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to ascertain on what principle the who acquits himself of his obligacustom can be justified. They tion, as a conscientious man, will are not suspended as trophies; still involve himself in perplexities of less, we should imagine, can they po trivial kind; we regret it, bebe intended as decorations : the cause he who does not incurs the church-warden, therefore, should guilt-we can call it by no softer not allow the practice. The house name-of perjury; and we regret of God, the temple of the Prince it, because this oath is too often of Peace, should be preserved, as an effectual bar to the discharge of far as possible, from all secular as- this important office, by such men sociations, and most of all so from as, from ibeir characters and printhose which recal ideas of war aud ciples, are the most likely to be of human glory.

service to their neighbours. We On the Archdeacon's observa- heartily wish that those who possess tions respecting the mode of as- the power to effect some modificasessing the parochial rates, we must tion in so obnoxious a feature in make one remark, as a mistake may our ecclesiastical discipline, would possibly arise, and occasion a dif- avail themselves of that power, and ficulty which a little previous cau- would not allow, we do not say tion would prevent. The repairs, a blind attachment to old forms, , for which rates are assessed upon for that we are sure they disclaim, the parishioners, should not be but a wholesome dread of innovamade before the rates are collect- tion, to prevent their exchanging a ed, but the repairs and assessment requirement, the compliance with should be co-temporaneous with which, in such a way as a religious each other. We do not say that in man would interpret his duty, is, by no case would the church-warden the great increase of population, be justified in first incurring the and other altered circumstances of expense, and afterwards demand- the age, rendered impracticable for ing the reimbursement: but as a one of a less arduous and doubtful difference is known to exist in the character. We say doubtful, bedoctrines maintained in the spiritual cause, after all, we consider not only and temporal courts in relation to the growth of neighbourhoods to this matter, it is better to make be a serious impediment to the disihe rafe coeval with the repairs, not charge of this duty, but that the to reimburse the church-warden, very fulfilment of it might not in lest the account might be regarded modern times be attended with all in the light of a private debt. the benefit which forinerly accom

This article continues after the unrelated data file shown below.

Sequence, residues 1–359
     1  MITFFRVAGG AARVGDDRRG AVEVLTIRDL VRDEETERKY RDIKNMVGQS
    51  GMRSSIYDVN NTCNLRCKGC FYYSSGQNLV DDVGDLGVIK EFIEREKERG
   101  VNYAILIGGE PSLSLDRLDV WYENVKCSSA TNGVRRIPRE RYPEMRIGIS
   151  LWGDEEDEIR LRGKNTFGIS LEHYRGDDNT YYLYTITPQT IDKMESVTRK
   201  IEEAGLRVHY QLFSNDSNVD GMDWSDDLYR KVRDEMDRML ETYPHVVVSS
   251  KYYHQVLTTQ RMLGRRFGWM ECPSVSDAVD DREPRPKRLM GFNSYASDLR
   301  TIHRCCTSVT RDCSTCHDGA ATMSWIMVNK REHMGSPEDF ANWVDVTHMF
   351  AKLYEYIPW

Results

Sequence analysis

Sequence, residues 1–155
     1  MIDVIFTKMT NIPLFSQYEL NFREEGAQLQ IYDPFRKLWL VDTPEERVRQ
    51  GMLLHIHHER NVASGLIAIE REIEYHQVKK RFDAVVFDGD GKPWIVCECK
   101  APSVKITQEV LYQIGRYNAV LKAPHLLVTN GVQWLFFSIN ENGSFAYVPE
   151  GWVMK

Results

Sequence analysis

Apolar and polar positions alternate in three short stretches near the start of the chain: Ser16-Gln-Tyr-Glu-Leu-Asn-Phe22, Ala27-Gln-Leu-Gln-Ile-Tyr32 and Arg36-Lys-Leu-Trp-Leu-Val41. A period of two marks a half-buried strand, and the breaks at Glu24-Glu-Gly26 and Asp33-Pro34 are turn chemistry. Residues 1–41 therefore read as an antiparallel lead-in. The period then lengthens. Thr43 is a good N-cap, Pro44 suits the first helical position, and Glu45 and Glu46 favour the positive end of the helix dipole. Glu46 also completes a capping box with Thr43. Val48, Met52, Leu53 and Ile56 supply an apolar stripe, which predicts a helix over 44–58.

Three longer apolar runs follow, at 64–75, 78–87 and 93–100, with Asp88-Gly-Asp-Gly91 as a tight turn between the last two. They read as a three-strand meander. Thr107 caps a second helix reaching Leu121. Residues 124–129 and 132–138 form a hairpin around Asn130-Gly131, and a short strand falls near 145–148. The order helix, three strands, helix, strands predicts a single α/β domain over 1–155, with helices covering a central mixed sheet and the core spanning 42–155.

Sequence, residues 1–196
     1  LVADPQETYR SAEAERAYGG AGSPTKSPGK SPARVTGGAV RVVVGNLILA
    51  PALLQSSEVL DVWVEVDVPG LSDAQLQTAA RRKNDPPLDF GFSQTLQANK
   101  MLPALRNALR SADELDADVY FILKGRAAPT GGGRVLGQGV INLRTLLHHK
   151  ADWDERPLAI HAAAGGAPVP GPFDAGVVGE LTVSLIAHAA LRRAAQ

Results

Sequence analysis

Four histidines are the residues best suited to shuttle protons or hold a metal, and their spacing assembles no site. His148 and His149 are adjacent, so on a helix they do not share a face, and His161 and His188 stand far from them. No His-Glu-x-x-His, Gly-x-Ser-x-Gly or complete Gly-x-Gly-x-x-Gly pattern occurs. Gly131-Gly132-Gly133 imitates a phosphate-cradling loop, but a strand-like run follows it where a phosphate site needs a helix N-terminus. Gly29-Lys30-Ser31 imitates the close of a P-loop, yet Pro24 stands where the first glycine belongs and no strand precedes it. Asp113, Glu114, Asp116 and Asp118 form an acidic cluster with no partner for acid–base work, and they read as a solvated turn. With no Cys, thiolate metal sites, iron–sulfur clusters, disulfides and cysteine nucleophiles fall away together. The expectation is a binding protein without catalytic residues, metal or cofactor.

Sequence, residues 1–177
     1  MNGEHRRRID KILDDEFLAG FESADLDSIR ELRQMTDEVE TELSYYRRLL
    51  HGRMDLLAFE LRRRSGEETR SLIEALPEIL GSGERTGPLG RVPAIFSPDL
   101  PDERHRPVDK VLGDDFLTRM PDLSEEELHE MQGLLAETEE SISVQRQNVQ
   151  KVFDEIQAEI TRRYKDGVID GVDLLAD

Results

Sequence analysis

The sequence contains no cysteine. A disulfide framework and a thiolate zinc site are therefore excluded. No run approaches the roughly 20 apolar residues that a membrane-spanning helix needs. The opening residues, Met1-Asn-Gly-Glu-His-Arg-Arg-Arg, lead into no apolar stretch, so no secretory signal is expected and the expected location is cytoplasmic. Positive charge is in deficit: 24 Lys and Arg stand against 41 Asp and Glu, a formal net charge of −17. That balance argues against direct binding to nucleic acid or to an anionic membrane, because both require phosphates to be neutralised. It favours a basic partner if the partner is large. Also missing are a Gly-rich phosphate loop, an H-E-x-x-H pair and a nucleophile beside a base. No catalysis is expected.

'In advancing to the duty of panied it. The censures of the presenting, as forming part of the church are now become almost church-wardens' obligation, the obsolete : presentable offences are reverend author, while he admits far more multiplied, and far less the difficulty attending its fulfil- gravely regarded, than in former ment, strenuously urges the duty of times: the very proceeding upon so doing, on account of their oath, presentment would be now conwhich pledges them to its perforin. sidered an innovation, and it might ance. It is true the sentiments and be prejudical, in the present spirit usages of the times are changed. of the times, to allempt to revive It is true, that obstacles of a fore it. Our author remarks as follow's midable nature stand in the way; on this subject. but the oath remains-remains un.